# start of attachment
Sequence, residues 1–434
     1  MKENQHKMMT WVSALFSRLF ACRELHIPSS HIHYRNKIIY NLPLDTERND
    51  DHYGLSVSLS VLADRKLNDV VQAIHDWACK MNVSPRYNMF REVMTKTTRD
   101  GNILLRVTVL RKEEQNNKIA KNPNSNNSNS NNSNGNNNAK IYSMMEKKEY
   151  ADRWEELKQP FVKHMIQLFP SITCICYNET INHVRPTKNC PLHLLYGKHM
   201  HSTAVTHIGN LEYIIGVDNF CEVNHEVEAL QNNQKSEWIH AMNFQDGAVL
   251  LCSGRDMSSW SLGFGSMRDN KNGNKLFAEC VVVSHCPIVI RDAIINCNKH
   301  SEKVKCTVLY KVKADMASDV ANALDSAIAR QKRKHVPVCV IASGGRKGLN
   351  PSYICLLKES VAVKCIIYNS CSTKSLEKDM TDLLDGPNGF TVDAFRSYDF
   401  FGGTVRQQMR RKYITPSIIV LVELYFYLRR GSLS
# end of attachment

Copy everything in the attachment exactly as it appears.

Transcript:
Sequence, residues 1–434
     1  MKENQHKMMT WVSALFSRLF ACRELHIPSS HIHYRNKIIY NLPLDTERND
    51  DHYGLSVSLS VLADRKLNDV VQAIHDWACK MNVSPRYNMF REVMTKTTRD
   101  GNILLRVTVL RKEEQNNKIA KNPNSNNSNS NNSNGNNNAK IYSMMEKKEY
   151  ADRWEELKQP FVKHMIQLFP SITCICYNET INHVRPTKNC PLHLLYGKHM
   201  HSTAVTHIGN LEYIIGVDNF CEVNHEVEAL QNNQKSEWIH AMNFQDGAVL
   251  LCSGRDMSSW SLGFGSMRDN KNGNKLFAEC VVVSHCPIVI RDAIINCNKH
   301  SEKVKCTVLY KVKADMASDV ANALDSAIAR QKRKHVPVCV IASGGRKGLN
   351  PSYICLLKES VAVKCIIYNS CSTKSLEKDM TDLLDGPNGF TVDAFRSYDF
   401  FGGTVRQQMR RKYITPSIIV LVELYFYLRR GSLS